Argentina coach Sabella adds steel to attack-heavy team’s stardust

Tactical rigour and work ethic helps address 'imbalance' between defence and attack

Argentina coach Alejandro Sabella speaks during a news conference at the Arena Corinthians in Sao Paulo, Brazil, on July 8, 2014. Marius Becker / EPA
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Diego Maradona’s news conferences at the World Cup four years ago generated such global media interest in the then-Argentina manager’s controversial views that tickets had to be issued.

But Alejandro Sabella, who will step down as Argentina coach after Sunday's final against Germany, is not a box-office draw.

Instead, the quiet 59 year old is letting his team’s performances speak for him.

His agent, Eugenio Lopez, confirmed on Saturday that Sabella was still leaving the role after Sunday’s game, even if they are successful and win the tournament for the first time in 28 years.

“To go at the top is always positive. I believe he gave everything to the national team and that now is the time to give way to another person,” Lopez said. “He’s going. He’s leaving whatever happens. Whether they are champions or not, a cycle is ending.”

Sabella, who took over the role in 2011, has brought the tactical discipline and work ethic that helped Argentina come out of the group stage with maximum points and then deal with tricky European opponents Switzerland, Belgium and the Netherlands in the knockout rounds.

Asked to sum up his team’s qualities after the semi-final win over the Netherlands, Sabella simply said: “Humility, work and giving 100 per cent.”

Those are words that could describe Sabella himself, a man who has had to wait until late in his career to get a chance to be in charge of a team at the highest level.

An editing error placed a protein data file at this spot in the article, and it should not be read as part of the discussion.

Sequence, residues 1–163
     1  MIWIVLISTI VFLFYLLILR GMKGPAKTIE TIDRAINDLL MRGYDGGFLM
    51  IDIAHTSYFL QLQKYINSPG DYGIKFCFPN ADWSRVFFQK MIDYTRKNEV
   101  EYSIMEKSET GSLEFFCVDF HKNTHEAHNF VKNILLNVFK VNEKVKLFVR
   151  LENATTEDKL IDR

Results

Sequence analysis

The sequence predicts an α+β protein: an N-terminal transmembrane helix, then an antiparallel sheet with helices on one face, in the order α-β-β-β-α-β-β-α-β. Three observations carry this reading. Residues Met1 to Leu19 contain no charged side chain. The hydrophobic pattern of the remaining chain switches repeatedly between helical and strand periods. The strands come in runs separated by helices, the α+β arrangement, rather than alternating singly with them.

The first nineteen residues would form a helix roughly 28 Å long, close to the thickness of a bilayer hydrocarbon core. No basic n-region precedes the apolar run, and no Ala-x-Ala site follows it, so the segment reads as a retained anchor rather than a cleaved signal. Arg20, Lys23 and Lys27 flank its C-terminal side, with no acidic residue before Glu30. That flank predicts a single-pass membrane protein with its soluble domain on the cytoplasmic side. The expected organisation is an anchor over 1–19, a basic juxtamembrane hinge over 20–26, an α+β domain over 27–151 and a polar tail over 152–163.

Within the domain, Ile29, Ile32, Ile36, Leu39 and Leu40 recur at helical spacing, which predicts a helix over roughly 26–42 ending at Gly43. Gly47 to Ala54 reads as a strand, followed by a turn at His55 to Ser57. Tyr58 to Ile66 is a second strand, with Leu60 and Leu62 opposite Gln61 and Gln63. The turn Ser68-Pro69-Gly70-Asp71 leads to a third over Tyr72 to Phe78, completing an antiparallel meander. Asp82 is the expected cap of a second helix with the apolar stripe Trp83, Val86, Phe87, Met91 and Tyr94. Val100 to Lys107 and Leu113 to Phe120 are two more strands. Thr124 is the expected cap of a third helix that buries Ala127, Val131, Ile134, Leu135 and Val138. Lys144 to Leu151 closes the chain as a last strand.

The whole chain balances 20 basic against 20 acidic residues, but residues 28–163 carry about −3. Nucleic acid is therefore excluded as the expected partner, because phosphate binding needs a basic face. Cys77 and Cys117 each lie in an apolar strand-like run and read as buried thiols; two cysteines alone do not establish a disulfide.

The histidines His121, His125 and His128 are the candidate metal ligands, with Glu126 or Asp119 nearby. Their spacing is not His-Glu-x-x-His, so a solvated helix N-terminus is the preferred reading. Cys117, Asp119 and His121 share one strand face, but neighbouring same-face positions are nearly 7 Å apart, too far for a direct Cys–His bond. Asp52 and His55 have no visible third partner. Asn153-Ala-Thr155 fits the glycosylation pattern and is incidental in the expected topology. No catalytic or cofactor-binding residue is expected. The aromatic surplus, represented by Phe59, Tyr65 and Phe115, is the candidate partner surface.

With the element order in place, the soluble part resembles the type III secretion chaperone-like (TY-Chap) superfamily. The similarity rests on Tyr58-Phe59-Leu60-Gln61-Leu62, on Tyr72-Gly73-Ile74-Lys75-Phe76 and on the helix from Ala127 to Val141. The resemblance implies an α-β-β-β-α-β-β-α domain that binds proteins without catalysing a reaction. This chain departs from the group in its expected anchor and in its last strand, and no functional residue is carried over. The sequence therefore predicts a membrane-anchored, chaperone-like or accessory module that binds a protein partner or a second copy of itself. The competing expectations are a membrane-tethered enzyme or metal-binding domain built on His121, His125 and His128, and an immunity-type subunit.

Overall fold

It has not been a spectacular Argentina in Brazil – all those wins were tight affairs, and none closer then the victory on penalties against the Dutch after a defensive masterclass from both sides in a goalless 120 minutes.

But Sabella has focused on making sure a team with an abundance of attacking talent, including four-times World Player of the Year Lionel Messi, was not undone by their lack of recognised quality in defence.

“My job is to disguise that imbalance in the best way possible,” Sabella said before the World Cup.

The model for a balanced team, he said, was Germany and, after reaching the final, Sabella was quick to express his admiration for Sunday’s opponents.

“Germany has shown throughout its history great physical and mental power, and players with a hint of South America. Germany knows what team work, organisation and long-term work is,” he said.

Sergio Aguero says he believes Argentina will have no fear of Germany in Sunday's World Cup final, despite the goal glut from their opponents in the semi-finals.

Argentina played out a goalless 120 minutes with the Netherlands on Wednesday in their last-four match before prevailing 4-2 on penalties.

This came 24 hours after German had routed hosts Brazil 7-1, their tally of goals in the 90 minutes only one less than the Argentines have scored in the entire tournament.

Aguero, the Manchester City forward, said that while Germany had been impressive against the Brazilians, he believed that Argentina’s forward line, which included himself, Lionel Messi and Gonzalo Higuain were equally dangerous.

“Germany is a great team. What happened to Brazil could happen to any team,” Aguero said. “[But] we have players who can create danger up front. We’re in the final for a reason.”

The last time the two sides met in a competitive game, at the World Cup finals in 2010, Argentina, who were coached at the time by Diego Maradona, were humiliated 4-0 by the Germans in an one-sided quarter-final encounter.

The 1986 World Cup final in Mexico, which the Argentines won 3-2, was the last time they triumphed in a competitive match, though they did prevail 3-1 in a friendly in August 2012, with Messi, Angel Di Maria and an own goal helping them to victory.

Maxi Rodriguez, who scored the winning penalty in the shoot-out against the Netherlands, said he does not believe past games or Germany’s form in the semi-finals will count for anything when the sides take the field on Sunday.

“At this point, who is favourite, who is not, it doesn’t make a difference,” the midfielder said. “Both teams feel a responsibility to go all the way.”

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